Could Glutamine Protect Against Progression of Fatty Liver Disease?

Glutamine and Fatty Liver DiseaseA recent study published in the Journal of Nutrition supports oral supplementation with L-Glutamine to prevent the progression of non-alcoholic steatohepatitis (NASH).  NASH is the second state of non-alcoholic fatty liver disease (NAFLD) and is distinguished by changes due to inflammation that can progress the disease to fibrosis, cirrhosis and liver cancer.

Mice were fed either a Western Style Diet (WSD) which consisted of 60 energy % (E%) from carbohydrates 25 E% from fat and 15 E% from protein or a Control Diet which consisted of 69% of energy (E%) from carbohydrates, 12 E% from fat and 19 E% from protein. Blood and liver tissues were analyzed after eight weeks for some of the mice from both groups.  The rest of the mice in both the WSD group and the control group were further divided.   Some of the mice from both of the original groups received L-Glutamine supplementation at a dose of 2,100 mg per kilogram of body weight.  For an additional 5 weeks the mice were fed as they had been before based on their original grouping (WSD or Control).  Additional blood tests for liver enzymes, glucose tolerance, markers of lipid peroxidation and inflammation and triglycerides were completed.  Liver tissue analysis was examined to assess the progression of liver disease.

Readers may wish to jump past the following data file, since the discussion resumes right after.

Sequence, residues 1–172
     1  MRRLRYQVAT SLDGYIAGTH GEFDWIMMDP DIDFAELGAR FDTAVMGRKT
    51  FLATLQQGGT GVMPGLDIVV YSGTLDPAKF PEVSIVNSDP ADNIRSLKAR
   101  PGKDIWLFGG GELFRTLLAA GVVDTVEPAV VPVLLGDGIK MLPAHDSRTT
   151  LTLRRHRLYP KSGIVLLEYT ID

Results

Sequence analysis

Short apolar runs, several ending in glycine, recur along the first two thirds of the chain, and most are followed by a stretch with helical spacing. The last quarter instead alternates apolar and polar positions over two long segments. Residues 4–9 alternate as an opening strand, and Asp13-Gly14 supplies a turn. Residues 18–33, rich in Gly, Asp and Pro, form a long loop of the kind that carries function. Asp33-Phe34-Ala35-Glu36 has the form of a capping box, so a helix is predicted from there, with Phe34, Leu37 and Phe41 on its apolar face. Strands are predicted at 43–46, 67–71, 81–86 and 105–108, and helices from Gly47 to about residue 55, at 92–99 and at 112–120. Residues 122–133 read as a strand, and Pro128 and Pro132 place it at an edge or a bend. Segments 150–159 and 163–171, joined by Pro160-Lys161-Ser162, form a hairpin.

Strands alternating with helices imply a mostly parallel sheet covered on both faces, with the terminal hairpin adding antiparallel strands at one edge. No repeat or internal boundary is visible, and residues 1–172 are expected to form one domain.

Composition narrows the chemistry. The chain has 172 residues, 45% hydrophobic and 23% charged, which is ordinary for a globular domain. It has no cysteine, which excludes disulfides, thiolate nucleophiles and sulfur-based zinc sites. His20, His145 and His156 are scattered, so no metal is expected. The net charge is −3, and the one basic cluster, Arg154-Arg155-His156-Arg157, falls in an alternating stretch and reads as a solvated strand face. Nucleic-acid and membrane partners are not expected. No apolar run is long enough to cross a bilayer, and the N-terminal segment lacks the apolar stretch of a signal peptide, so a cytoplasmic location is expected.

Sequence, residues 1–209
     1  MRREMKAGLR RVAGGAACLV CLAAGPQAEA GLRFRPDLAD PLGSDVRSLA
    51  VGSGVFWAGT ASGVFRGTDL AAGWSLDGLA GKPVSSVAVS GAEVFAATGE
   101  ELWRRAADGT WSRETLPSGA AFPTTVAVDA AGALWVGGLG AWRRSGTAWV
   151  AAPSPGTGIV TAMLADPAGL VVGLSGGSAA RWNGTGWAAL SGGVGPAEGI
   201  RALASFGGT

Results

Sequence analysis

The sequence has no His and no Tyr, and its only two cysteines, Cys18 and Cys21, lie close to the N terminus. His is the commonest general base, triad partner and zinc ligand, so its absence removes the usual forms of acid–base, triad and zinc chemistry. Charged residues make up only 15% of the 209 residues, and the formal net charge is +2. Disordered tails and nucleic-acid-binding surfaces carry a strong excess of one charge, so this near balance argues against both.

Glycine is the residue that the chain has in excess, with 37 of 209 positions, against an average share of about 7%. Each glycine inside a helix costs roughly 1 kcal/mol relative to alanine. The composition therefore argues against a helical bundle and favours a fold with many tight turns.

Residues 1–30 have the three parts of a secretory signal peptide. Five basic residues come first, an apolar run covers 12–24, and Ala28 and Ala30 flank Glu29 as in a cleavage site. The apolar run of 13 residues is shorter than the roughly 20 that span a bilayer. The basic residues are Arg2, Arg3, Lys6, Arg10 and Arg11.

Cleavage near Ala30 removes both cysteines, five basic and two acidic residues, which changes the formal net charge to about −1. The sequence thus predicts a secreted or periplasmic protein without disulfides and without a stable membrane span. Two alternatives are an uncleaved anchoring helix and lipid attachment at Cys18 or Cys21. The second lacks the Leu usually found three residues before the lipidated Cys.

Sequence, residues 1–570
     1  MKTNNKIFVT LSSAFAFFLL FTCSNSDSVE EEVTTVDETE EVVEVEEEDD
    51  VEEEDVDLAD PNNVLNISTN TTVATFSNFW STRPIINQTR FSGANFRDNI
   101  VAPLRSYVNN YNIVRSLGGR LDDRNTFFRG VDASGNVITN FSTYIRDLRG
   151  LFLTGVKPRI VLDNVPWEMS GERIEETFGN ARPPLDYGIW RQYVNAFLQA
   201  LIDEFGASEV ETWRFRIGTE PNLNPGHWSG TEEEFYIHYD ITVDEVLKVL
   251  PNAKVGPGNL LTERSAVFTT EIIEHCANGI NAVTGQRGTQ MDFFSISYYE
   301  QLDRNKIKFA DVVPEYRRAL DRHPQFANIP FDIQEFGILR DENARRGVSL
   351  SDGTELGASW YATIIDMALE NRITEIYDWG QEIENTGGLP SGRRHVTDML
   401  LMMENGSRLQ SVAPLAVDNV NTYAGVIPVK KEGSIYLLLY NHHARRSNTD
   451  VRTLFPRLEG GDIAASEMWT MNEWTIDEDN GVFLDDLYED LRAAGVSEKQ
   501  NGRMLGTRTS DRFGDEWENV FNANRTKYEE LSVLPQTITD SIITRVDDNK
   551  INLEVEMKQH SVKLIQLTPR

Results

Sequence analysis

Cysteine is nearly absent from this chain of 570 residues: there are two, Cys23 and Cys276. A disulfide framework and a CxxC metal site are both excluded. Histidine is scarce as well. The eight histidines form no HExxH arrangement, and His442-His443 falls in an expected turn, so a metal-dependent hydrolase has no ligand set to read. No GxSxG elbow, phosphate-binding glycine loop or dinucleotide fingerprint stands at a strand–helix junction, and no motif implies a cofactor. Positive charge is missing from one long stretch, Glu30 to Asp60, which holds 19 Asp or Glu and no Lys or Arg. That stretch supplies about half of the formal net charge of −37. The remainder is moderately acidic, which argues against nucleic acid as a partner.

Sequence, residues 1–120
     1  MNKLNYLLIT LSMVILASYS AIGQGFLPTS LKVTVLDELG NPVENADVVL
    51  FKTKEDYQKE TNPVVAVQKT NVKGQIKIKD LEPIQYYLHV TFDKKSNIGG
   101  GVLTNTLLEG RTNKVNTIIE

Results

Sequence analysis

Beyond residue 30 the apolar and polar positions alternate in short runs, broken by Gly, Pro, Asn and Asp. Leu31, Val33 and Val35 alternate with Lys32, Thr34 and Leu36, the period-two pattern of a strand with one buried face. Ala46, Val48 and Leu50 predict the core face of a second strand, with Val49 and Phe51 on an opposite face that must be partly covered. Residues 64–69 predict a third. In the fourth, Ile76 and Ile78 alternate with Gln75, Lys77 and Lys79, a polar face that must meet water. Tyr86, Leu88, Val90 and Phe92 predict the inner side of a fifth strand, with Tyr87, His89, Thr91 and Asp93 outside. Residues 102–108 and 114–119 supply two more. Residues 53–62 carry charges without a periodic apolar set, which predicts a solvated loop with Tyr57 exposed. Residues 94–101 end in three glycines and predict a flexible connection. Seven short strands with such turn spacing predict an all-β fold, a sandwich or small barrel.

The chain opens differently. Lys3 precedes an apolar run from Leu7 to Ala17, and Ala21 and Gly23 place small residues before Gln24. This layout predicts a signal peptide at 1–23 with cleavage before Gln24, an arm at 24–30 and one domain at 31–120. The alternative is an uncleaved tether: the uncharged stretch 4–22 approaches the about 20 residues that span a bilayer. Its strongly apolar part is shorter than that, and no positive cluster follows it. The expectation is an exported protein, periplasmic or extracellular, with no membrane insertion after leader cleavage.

After the 8 week mark, mice on the WSD developed NASH with inflammation where the mice fed the WSD and L-Glutamine had markers of inflammation similar to the control group.  L-Glutamine benefits seem to be associated with lower amounts of lipid peroxidation in the liver.

An overconsumption of certain carbohydrates (Fructose) and certain fats in combination with a lack of exercise are considered to contribute to the frequency of this disease.

Future studies are needed to determine if the benefits of oral L-Glutamine extend to humans with NAFLD.

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Study Finds Link Between Gut Microbiota, Sleep Quality and Cognitive Flexibility

Sleep and ProbioticsAccording to a new study, poor sleep quality was linked with composition of the gut microbiome and cognitive flexibility in healthy older adults.  Low amounts of bacteria in the phyla Verrucomicrobia and Lentisphaerae, were associated with poor sleep quality as well as performance on specific cognitive tests.